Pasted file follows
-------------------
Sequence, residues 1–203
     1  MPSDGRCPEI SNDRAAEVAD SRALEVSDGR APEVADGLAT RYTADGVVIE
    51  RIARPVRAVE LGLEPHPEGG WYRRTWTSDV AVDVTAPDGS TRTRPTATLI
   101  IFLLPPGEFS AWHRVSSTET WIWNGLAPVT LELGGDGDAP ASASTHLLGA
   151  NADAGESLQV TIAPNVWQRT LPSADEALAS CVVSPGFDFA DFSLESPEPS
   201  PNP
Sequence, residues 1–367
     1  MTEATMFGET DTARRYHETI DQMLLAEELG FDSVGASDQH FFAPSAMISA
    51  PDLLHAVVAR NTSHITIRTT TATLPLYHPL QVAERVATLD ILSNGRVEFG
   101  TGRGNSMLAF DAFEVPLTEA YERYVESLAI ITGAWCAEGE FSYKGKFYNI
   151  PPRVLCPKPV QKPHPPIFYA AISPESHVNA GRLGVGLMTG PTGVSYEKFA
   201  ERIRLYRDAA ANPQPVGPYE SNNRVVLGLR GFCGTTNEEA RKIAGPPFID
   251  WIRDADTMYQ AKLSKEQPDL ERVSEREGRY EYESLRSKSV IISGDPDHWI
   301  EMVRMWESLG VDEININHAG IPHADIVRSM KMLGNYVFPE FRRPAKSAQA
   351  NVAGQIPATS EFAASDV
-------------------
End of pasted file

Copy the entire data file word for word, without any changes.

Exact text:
Sequence, residues 1–203
     1  MPSDGRCPEI SNDRAAEVAD SRALEVSDGR APEVADGLAT RYTADGVVIE
    51  RIARPVRAVE LGLEPHPEGG WYRRTWTSDV AVDVTAPDGS TRTRPTATLI
   101  IFLLPPGEFS AWHRVSSTET WIWNGLAPVT LELGGDGDAP ASASTHLLGA
   151  NADAGESLQV TIAPNVWQRT LPSADEALAS CVVSPGFDFA DFSLESPEPS
   201  PNP
Sequence, residues 1–367
     1  MTEATMFGET DTARRYHETI DQMLLAEELG FDSVGASDQH FFAPSAMISA
    51  PDLLHAVVAR NTSHITIRTT TATLPLYHPL QVAERVATLD ILSNGRVEFG
   101  TGRGNSMLAF DAFEVPLTEA YERYVESLAI ITGAWCAEGE FSYKGKFYNI
   151  PPRVLCPKPV QKPHPPIFYA AISPESHVNA GRLGVGLMTG PTGVSYEKFA
   201  ERIRLYRDAA ANPQPVGPYE SNNRVVLGLR GFCGTTNEEA RKIAGPPFID
   251  WIRDADTMYQ AKLSKEQPDL ERVSEREGRY EYESLRSKSV IISGDPDHWI
   301  EMVRMWESLG VDEININHAG IPHADIVRSM KMLGNYVFPE FRRPAKSAQA
   351  NVAGQIPATS EFAASDV